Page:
The US Army had a much larger presence than usual, with an Alaska-based Stryker battalion and Hawaii-based combat aviation unit from the 25th Infantry Division participating as part of the Pacific Pathways series of exercises. This saw US Army Apaches and Black Hawks appearing for the first time, as well as Gray Eagle UAVs.

The USMC performed a typical ‘kick down the door’ amphibious assault too, landing ashore near the end of the free-play exercise to act as the anvil to destroy the last resistance of the opposing force. Also on the American side, the USN and USMC flew media by MV-22B Osprey and hosted them aboard USS Bonhomme Richard for a ship tour and interview with navy commanders.

I’m not sure why Australia didn’t do the same with HMAS Canberra. Perhaps they were afraid it might break?

The exercise was so interesting that China sent one of its Type 815 spy ships to hang out on Australia’s periphery too. Oddly enough, Australia and the US didn’t throw a tantrum or stamp on the floor as China does when it sees foreign naval vessels pass through the South China Sea. It seems China has not seen the irony in the situation yet.

With so many accomplishments to trumpet, why then the headline of this piece asking if this is the last Talisman Saber ever?

Well, it just may be my final Talisman Saber ever. After covering the past five exercises, the frustrations have built up to the point where I must question the expense and time necessary to attend, especially when flying from overseas.

You see, the ADF really dropped the ball in terms of media relations this year. Before the exercise began, media support was almost non-existent. Even after an application was lodged, there was no acknowledgement, no contact person available to answer queries. A simple question such as, ‘What date is the exercise?’ went unanswered, making it impossible to book air tickets until the last, and most expensive, minute.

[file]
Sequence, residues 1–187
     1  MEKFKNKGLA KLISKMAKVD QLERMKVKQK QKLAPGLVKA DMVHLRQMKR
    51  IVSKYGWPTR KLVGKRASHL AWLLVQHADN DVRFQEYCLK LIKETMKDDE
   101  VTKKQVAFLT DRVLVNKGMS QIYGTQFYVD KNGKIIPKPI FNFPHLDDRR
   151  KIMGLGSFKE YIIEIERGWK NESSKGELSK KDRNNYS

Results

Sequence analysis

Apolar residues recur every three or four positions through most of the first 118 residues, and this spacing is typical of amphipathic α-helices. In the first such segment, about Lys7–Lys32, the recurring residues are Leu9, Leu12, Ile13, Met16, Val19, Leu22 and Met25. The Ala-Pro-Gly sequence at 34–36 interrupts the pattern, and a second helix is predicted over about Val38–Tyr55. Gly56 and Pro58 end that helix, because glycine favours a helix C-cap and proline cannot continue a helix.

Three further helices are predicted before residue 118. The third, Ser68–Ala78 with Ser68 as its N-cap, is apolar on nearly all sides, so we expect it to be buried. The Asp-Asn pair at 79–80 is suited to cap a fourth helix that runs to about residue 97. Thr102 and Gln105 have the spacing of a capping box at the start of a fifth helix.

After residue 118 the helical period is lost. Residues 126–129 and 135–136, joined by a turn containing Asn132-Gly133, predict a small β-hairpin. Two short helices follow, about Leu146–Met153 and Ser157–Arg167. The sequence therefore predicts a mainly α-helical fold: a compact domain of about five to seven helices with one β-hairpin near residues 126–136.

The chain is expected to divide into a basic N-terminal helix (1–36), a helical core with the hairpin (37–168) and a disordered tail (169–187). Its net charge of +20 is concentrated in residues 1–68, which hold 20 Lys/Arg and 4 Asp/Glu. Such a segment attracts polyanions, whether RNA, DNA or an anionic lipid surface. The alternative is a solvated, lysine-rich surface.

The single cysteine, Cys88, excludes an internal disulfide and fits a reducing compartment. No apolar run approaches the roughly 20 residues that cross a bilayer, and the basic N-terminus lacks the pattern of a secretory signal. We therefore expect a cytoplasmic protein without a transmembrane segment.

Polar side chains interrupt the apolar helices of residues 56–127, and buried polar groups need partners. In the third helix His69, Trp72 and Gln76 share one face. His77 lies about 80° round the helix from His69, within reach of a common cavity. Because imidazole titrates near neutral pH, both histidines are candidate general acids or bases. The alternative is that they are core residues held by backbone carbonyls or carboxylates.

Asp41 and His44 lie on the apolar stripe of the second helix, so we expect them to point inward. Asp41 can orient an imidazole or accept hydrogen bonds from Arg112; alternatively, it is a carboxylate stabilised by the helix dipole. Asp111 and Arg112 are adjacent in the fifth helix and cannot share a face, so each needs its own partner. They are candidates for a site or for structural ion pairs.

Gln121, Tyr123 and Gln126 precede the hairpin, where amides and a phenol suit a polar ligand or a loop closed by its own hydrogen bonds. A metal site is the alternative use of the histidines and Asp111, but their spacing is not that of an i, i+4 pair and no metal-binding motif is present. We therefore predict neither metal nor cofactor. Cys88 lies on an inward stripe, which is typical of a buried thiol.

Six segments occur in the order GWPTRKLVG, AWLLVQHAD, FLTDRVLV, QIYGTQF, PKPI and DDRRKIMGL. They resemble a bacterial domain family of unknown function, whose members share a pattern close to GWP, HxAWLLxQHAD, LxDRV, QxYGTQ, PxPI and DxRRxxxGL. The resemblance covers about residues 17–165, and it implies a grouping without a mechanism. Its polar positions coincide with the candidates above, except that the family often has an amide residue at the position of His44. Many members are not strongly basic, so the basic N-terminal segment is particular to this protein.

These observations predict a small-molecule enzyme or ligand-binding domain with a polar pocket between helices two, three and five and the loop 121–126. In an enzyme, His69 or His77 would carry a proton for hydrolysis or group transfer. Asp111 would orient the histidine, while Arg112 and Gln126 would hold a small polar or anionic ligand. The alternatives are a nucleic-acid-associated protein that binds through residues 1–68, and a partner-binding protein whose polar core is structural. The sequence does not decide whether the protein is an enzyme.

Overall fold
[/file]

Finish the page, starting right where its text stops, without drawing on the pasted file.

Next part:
Then, all information about what activities media wished to cover disappeared into a black hole, never to be seen again. It was only after US public affairs officers (PAO) hit the ground running at the start of the exercise that any kind of information started flowing.

Even then, there were frustrations. Without explanation I was bumped off the list of media attending the said amphibious assault – the largest since WWII, did you know? – because it was preferable to give seats to VIPs and senators. It seems the parachute drop on the same day was a bust too, as media only saw it from a kilometre away behind the treeline.

Now don’t get me wrong. There are some fantastic PAOs on both the Australian and US sides – and I met many of them this year, and I had a great time with Battle Group Cannan, the Kiwis, the Japanese, the USMC and USN – but the overall coordination this year was poor. Embeds seemed to be organised ad hoc at the last minute, even though they had been requested weeks, nay months, in advance.

There were so many good stories that Shephard would have loved to tell: Australia’s biggest amphibious assault since WWII (hadn’t you heard?), UAVs, helicopters, the ASLAV surveillance vehicle, urban operations, development of 2 RAR’s amphibious capability, upgrades of M1A1 Abrams tanks, organisation of armoured cavalry regiments, etc. Sadly, they just weren’t possible.